Like Corinth, Mississippi or Petersburg, Virginia, the town of Jonesboro, Georgia was significant to military planners and general officers for one simple fact: two or more railroads came to a junction there.
Running south from Atlanta was the Macon and Western Railroad and, 17 miles later, the railroad connected with the Atlanta and West Point Railroad.
By late August 1864, this railroad line was the life-line for Confederate Army of Tennessee, which was being besieged by William T. Sherman’s Union armies. Just like the Army of Tennessee at Petersburg, Virginia, the lifeline of the principle western Confederate army needed to remain intact.
Since the attacks of late July, John Bell Hood, the commander of the Confederate Army of Tennessee, had successfully defended any thrusts by Sherman. However, on the night of August 26, the Union army seemed to disappear from view. In fact, most of the Union soldiers did just that, swinging in a westerly movement to approach the Macon and Western Railroad below Atlanta.
The Confederate response would be a little slow in forthcoming.
After a conference with Hood, William Hardee, in charge of one of the three corps in the Army of Tennessee, was unofficially tapped to head an expeditionary force comprised of his and Stephen D. Lee’s corps to Jonesboro. From there, Hood’s orders were straightforward: Find the enemy, strike him, and remove the threat to the railroads.
The Confederate soldiers tramped south through the night of August 30th and arrived in their designated battle lines near Jonesboro between 9 a.m. and 10 a.m. However, that was just the vanguard of the approach; the rest of the units continued to file in as morning changed to afternoon.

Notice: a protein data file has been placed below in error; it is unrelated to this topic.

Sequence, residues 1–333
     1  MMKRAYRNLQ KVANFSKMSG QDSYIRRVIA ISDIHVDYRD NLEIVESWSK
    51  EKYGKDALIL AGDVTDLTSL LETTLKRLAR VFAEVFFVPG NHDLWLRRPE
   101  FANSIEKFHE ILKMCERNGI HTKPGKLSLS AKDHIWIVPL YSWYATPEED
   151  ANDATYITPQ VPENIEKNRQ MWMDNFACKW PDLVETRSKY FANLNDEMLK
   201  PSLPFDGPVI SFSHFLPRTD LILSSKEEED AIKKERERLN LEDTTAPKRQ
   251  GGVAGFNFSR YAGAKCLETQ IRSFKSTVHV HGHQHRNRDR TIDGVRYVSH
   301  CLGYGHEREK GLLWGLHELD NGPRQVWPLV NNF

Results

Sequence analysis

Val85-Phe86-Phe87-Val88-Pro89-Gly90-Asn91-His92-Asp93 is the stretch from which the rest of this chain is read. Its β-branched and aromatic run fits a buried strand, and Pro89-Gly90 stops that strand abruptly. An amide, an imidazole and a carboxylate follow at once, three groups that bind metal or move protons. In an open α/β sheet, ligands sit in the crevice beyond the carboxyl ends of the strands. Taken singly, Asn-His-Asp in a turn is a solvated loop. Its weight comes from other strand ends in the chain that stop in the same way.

Hardee, acting as the temporary head of the two-corps force, directed Major General Patrick Cleburne to lead Hardee’s Corps to begin the assault on the left of the Union line. When Cleburne became hotly engaged, Lee was to pitch into the opposite end of the Union lines.
Unfortunately, Lee was either new to the sound of heavy infantry fire in combat such as this or mistook unusually high skirmishing fire as the beginning of Cleburne’s assault.
Lee ordered his command forward, but the charge was doomed from the start—Cleburne had not started forward—and the Union line was free to concentrate on the South Carolinian’s veterans.
Even Lee admitted, “the attack was a feeble one.”
The Confederates, though, faced “volley after volley” that literally was “poured…into the faces of the gallant foe.”
Even some of the Yankee defenders admitted that the Confederates did not come on with their usual zeal, but instead marched into the guns with a resigned face, almost as if they were expecting death.
Lee admitted that some of his men went to ground before getting within 50 yards of the Yankee lines.
With Lee’s attack ebbing, Cleburne finally stepped forward, yet these piecemeal thrusts at a fortified Union line did nothing but add names to the casualty lists. The butcher’s bill for Lee’s Corps topped 1,300.
Add another 900 or so from Cleburne’s ranks and 2,200 veterans of Hood’s army fell in these attacks. Less than 200 casualties were counted on the Union side.
Jonesboro was lost, and with it went Atlanta—and with that, another nail was fixed in the coffin of the Southern Confederacy.